BANGOR, Maine — Two national religious groups have taken up the case of a Waterville journalist nearly five months after he was fired for allegedly voicing support for the repeal of Maine’s same-sex marriage law.
Larry Grard, an 18-year veteran reporter at the Morning Sentinel, was dismissed last November after his employer discovered that he responded to an e-mail from an organization that favored same-sex marriage.
Grard said, as a Christian, he was offended by some of the rhetoric contained in an e-mail from the Human Rights Campaign of Washington, D.C., that blamed the outcome of Maine’s same-sex marriage vote on hatred of gays. Using his private e-mail account, Grard responded:
“Who are the hateful, venom-spewing ones? Hint: Not the Yes on 1 crowd. You hateful people have been spreading nothing but vitriol since this campaign began. Good riddance!”
He was fired after management at MaineToday Media, which owns the Portland Press Herald, the Kennebec Journal in Augusta and the Morning Sentinel, found out about the e-mail.
Now, Grard, who said he simply was responding to what he felt was hate speech directed at Christians, is fighting his dismissal with the help of two groups committed to preserving religious rights.
The Catholic League of New York, the nation’s largest Catholic civil rights organization, and the Christian Anti-Defamation Commission of California both are providing counsel to Grard as he pursues legal options.
Grard’s attorney, Michael Pospis with the New York law firm the Boyd Group, said he recently submitted paperwork with the Equal Employment Opportunity Commission, which is the first step toward filing a formal federal lawsuit. Grard also has filed a complaint with the Maine Human Rights Commission.
“We look forward to pursuing all available state and federal remedies in light of what appears to be a textbook case of religious discrimination,” Pospis said in an e-mail Monday.
In addition, the Christian Anti-Defamation Commission has begun targeting advertisers of Grard’s former employer, MaineToday Media, and encouraging consumers to boycott them.
The Christian Anti-Defamation Commission — a not-for-profit organization whose purpose is to champion Christian religious liberty and to respond to anti-Christian defamation, bigotry, and discrimination — recently sent letters to MaineToday Media advertisers asking them to stop advertising. Those who declined are now on a list of boycotted businesses that the group has sent to Mainers who supported the “Yes on 1” campaign last November.
“We are determined to get justice for Larry, who stood with the majority of the citizens of Maine to defend marriage,” the group said in a statement. “We can’t sit back and allow a Christian to be fired simply for standing up for biblical values.”
Gary Cass, executive director of the anti-defamation commission, said his group’s actions are independent of Grard’s legal battle, but he believes the former reporter was discriminated against.
Richard Connor, head of MaineToday Media, said the anti-defamation commission’s efforts have failed to gain any traction.
“This is a group from California that has a clear religious and political agenda, and they are attempting to interject that into a personnel issue and a journalistic issue,” Connor said. “They are using him as a pawn in a bigger conversation.”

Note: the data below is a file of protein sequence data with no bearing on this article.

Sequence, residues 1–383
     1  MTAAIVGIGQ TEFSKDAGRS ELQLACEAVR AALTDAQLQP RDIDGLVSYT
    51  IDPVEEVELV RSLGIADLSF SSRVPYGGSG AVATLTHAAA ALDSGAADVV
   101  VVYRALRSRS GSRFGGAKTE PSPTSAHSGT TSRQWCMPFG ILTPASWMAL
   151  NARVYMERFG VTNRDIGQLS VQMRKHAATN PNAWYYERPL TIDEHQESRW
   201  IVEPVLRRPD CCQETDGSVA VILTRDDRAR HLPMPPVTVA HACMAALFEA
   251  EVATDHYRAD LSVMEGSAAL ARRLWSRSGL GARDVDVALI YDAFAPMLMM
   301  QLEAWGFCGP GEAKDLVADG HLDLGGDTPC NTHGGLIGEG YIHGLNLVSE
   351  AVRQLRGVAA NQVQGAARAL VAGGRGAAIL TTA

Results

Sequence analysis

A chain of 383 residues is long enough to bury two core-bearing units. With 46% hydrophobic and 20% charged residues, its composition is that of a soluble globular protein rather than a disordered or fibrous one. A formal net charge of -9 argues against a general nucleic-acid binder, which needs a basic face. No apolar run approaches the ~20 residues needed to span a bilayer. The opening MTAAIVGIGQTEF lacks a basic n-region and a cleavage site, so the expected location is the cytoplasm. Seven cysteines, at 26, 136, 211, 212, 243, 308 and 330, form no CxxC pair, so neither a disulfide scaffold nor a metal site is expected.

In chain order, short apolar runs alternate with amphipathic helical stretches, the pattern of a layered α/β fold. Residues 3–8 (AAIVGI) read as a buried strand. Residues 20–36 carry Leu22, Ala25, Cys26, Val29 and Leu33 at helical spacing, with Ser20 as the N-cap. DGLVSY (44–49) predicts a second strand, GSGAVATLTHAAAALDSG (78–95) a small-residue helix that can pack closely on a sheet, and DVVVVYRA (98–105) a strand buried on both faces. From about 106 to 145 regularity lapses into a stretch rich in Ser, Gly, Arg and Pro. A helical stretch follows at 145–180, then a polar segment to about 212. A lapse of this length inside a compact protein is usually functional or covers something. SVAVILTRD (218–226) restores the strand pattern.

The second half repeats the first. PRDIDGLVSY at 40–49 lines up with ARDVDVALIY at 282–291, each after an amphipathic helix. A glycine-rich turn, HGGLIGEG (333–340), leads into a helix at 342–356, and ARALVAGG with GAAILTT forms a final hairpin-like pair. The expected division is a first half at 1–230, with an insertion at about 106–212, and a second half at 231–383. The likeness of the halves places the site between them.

Connor said advertisers have said they are angry about being put on any list.
“They want nothing to do with this,” he said.
Regarding Grard’s dismissal, MaineToday Media’s publisher referred to a statement released last December in which he denied that Grard’s firing had anything to do with his beliefs about same-sex marriage.
“Mr. Grard’s admitted improper and unacceptable conduct, lack of judgment and associated behavior constituted a serious breach of the legitimate employee and journalistic expectations of company management,” the letter read.
Tom Bell, a reporter for the Portland Press Herald and head of the Portland Newspaper Guild, which represents Morning Sentinel newsroom employees, said the guild filed a grievance on Grard’s behalf after his sudden dismissal.
Bell said that the company’s union contract contains language that calls for progressive discipline when dealing with an employee. “There are a series of steps you take before you fire someone,” he said.
Grard, who said he had never been disciplined in 18 years, never had that chance.
According to Bell, the union recently negotiated a settlement for Grard. Although he couldn’t provide details of the settlement offer, Bell said the deal was satisfactory from the union’s perspective.
Grard, however, has not accepted the offer.
“Evidently, he thinks he can do better on his own,” Bell said. “The guild has decided not to pursue arbitration.”
Michael Socolow, a journalism professor at the University of Maine who teaches media ethics, said Grard’s case may become more common in ever-changing newsrooms.
“In the era of Facebook and blogging and multiple e-mail address, reporters have to be extra sensitive in interacting with audiences,” he said. “Reporters never used to have the kind of direct communication with their audience that they have today.”
Socolow said Grard likely erred by engaging with a reader the way he did but also said, “Reporters need freedom to do the job.”